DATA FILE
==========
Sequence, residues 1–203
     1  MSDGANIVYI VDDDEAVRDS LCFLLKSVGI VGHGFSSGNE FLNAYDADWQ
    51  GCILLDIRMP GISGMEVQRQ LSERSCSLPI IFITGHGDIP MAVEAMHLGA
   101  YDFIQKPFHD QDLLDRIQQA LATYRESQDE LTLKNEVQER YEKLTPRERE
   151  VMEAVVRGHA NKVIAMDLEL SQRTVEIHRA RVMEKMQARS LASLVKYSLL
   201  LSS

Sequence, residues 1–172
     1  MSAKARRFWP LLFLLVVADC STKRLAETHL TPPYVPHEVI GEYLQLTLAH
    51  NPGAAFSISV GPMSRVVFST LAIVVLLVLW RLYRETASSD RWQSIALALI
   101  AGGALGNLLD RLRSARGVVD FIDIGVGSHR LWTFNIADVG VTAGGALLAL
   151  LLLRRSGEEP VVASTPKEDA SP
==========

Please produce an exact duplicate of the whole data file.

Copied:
Sequence, residues 1–203
     1  MSDGANIVYI VDDDEAVRDS LCFLLKSVGI VGHGFSSGNE FLNAYDADWQ
    51  GCILLDIRMP GISGMEVQRQ LSERSCSLPI IFITGHGDIP MAVEAMHLGA
   101  YDFIQKPFHD QDLLDRIQQA LATYRESQDE LTLKNEVQER YEKLTPRERE
   151  VMEAVVRGHA NKVIAMDLEL SQRTVEIHRA RVMEKMQARS LASLVKYSLL
   201  LSS

Sequence, residues 1–172
     1  MSAKARRFWP LLFLLVVADC STKRLAETHL TPPYVPHEVI GEYLQLTLAH
    51  NPGAAFSISV GPMSRVVFST LAIVVLLVLW RLYRETASSD RWQSIALALI
   101  AGGALGNLLD RLRSARGVVD FIDIGVGSHR LWTFNIADVG VTAGGALLAL
   151  LLLRRSGEEP VVASTPKEDA SP